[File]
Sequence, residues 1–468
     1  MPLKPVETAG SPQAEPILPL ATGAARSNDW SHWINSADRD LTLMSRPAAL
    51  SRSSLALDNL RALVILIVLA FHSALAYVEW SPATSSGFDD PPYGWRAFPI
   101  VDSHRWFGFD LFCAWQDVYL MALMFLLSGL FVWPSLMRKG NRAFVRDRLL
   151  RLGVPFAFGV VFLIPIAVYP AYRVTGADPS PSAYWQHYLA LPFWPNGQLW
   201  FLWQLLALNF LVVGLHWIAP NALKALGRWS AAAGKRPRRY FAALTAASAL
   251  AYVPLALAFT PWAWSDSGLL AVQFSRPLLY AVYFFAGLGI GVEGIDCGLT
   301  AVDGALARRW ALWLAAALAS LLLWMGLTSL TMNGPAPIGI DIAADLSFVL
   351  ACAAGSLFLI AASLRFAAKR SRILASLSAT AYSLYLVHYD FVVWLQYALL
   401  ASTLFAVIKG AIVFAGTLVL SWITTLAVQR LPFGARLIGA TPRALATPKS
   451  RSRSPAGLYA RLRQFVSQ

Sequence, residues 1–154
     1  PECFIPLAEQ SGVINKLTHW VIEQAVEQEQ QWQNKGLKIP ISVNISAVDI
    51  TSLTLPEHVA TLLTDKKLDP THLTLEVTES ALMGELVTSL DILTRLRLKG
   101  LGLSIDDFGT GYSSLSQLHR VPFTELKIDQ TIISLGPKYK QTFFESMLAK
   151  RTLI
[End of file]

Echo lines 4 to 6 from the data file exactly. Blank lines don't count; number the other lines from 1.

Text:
   101  VDSHRWFGFD LFCAWQDVYL MALMFLLSGL FVWPSLMRKG NRAFVRDRLL
   151  RLGVPFAFGV VFLIPIAVYP AYRVTGADPS PSAYWQHYLA LPFWPNGQLW
   201  FLWQLLALNF LVVGLHWIAP NALKALGRWS AAAGKRPRRY FAALTAASAL